Obviously children who are absent a lot will not do well. Bribes for good attendance are sometimes used but delivering interesting, relevant lessons with an appropriate curriculum will help enormously too! Also it will be vital for the school to work with parents. Let's hope they are doing all of these things! How do they decide who gets the iPad? This builds up problems if the children who always had excellent attendance never get anything but the marginally improved poor attenders get all the goodies on offer.

sashh Thu 08-Sep-16 10:04:33

Since the government rolled out the 'all schools need to become academies' every school that is not an academy has had a poor ofsted.

Call me cynical but it is happening. Have a look at all the schools in your area.

t4nut Thu 08-Sep-16 10:57:51

That's nonsense sash

NeonPinkNails Thu 08-Sep-16 11:46:33

I don't know if that's true or not but in this case the school is an academy. In fact the report blames the time and effort spent setting this up for some of the problems they're experiencing because they seem to have lost focus.

t4nut Thu 08-Sep-16 12:14:53

Its completely untrue.

What you're seeing is a change in the grading system and requirements, so 6 years on schools that hat previously been rated satisfactory are now considered at the same standard to be requires improvement.

Academisation can take a huge amount of time and resource, and if the school doesn't keep its focus then leadership and standards can slip.

redskytonight Thu 08-Sep-16 12:39:17

were you concerned before the Ofsted came out? The school has not dramatically changed overnight smile

NeonPinkNails Thu 08-Sep-16 12:46:59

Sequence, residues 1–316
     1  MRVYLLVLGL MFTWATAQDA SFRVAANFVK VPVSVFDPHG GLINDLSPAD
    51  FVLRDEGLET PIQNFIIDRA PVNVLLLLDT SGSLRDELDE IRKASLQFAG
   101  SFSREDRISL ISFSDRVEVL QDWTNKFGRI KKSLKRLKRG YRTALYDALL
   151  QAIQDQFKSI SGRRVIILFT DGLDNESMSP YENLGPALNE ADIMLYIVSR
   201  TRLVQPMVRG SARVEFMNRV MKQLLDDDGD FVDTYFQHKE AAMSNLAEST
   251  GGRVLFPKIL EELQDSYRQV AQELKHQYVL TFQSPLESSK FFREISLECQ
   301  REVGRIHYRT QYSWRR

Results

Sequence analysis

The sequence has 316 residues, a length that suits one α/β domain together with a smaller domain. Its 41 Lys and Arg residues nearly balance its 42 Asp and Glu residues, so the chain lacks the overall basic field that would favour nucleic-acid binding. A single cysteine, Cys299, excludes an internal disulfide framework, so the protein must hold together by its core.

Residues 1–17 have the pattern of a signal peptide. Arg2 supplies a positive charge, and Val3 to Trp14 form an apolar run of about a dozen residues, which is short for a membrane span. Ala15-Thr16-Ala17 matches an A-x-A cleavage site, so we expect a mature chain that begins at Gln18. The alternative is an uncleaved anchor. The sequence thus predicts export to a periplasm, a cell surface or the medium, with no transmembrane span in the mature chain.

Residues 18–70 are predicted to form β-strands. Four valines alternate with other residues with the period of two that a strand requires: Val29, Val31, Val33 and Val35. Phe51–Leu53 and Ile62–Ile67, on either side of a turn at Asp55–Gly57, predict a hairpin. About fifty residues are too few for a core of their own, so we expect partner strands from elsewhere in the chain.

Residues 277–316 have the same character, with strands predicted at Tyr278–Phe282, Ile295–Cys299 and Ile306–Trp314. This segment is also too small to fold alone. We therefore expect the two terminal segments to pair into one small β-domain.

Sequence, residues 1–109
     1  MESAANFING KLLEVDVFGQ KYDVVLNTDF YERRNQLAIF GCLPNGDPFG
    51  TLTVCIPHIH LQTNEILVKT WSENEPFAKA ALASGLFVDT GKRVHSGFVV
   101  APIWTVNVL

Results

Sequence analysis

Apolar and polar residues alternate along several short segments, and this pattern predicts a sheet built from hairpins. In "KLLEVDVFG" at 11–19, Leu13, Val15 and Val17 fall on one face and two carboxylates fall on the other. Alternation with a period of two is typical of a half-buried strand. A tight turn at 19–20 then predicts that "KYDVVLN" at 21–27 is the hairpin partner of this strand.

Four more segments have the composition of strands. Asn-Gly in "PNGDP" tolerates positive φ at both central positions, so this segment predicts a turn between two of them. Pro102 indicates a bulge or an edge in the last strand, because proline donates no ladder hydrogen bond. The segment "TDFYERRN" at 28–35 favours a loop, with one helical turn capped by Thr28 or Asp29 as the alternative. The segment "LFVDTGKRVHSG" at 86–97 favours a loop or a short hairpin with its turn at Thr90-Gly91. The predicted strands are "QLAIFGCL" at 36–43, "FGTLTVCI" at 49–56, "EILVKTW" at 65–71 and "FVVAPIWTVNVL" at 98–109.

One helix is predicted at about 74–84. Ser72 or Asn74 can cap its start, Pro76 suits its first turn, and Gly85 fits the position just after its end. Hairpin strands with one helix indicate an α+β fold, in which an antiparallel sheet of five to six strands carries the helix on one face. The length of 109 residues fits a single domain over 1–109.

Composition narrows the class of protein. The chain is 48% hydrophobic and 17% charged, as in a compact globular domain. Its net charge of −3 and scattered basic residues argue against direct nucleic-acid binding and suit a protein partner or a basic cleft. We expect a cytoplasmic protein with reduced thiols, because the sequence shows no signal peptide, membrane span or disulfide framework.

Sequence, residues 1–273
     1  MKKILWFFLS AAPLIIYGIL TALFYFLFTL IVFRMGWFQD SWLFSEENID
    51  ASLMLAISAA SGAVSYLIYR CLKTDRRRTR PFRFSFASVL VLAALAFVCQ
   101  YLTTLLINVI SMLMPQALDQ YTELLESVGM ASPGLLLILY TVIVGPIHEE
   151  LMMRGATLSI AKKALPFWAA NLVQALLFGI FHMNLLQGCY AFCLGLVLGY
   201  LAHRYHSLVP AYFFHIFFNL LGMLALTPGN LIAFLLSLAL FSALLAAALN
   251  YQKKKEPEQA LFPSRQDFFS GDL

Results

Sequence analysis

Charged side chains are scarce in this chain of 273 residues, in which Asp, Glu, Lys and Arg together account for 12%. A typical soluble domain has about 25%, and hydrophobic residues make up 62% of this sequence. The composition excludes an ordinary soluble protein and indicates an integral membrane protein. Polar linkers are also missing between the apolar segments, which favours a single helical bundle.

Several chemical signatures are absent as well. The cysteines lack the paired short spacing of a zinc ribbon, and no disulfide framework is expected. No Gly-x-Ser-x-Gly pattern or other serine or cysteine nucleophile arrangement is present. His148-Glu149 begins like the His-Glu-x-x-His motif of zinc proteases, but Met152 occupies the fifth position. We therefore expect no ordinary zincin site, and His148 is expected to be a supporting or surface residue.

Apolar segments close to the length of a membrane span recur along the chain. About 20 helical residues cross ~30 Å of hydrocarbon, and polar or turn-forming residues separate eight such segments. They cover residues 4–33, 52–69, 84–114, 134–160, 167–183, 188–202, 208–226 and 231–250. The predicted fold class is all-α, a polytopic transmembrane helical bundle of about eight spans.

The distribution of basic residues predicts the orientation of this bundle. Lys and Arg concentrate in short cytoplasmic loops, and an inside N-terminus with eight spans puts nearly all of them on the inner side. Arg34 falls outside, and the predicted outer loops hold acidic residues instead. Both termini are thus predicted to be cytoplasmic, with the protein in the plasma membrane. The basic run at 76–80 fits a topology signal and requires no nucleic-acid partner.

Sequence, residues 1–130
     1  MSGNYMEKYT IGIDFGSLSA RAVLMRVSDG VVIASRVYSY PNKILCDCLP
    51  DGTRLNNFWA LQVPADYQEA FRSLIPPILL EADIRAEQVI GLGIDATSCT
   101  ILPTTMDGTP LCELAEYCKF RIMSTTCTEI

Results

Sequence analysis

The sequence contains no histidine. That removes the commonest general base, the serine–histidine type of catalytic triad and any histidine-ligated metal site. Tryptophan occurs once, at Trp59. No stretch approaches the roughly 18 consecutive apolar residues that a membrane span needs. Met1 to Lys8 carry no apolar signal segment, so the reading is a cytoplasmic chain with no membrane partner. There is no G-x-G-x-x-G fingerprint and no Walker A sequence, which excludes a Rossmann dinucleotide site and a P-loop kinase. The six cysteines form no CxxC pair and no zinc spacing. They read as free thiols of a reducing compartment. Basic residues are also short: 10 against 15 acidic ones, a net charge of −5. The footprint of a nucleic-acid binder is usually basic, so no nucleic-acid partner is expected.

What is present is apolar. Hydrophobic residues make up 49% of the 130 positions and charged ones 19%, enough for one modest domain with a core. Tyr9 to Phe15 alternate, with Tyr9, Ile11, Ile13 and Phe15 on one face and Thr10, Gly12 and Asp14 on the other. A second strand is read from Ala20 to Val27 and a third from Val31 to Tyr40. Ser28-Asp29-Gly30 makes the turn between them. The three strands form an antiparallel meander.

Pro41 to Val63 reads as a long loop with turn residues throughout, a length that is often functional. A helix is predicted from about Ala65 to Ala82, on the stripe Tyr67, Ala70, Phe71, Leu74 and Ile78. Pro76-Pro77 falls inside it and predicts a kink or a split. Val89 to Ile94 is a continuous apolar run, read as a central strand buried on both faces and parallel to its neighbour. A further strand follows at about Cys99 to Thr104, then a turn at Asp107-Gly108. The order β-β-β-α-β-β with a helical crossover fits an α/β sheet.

DD had only been there 1 term when the inspection took place so we hadn't had a chance to form much of an opinion other than our initial one which was that the school was fine but we slightly preferred another one.

Academisation can take a huge amount of time and resource, and if the school doesn't keep its focus then leadership and standards can slip

It sounds as though this is what has happened.

I am really worried that we should have stuck to our guns and gone for the better school. It doesn't help that hardly any of the new starters from our village this term have gone to DD's school - it makes me feel as though we just settled for the catchment school rather than considering all the options even though that's not the case.

bojorojo Thu 08-Sep-16 22:31:01

People talk! It may be that in the year between you choosing the school, and parents choosing the school this year, there has been quite a big change. People got wind, and voted with their feet. Also, often the chattering classes announce they are not going to the local school, and the sheep follow them.

You have made a decision so there are now problems in changing that. The crucial question is - do you think the school can get back to what they were, quickly? If becoming an academy is embedded now, then they may be capable of improving rapidly.

Witchend Fri 09-Sep-16 12:52:23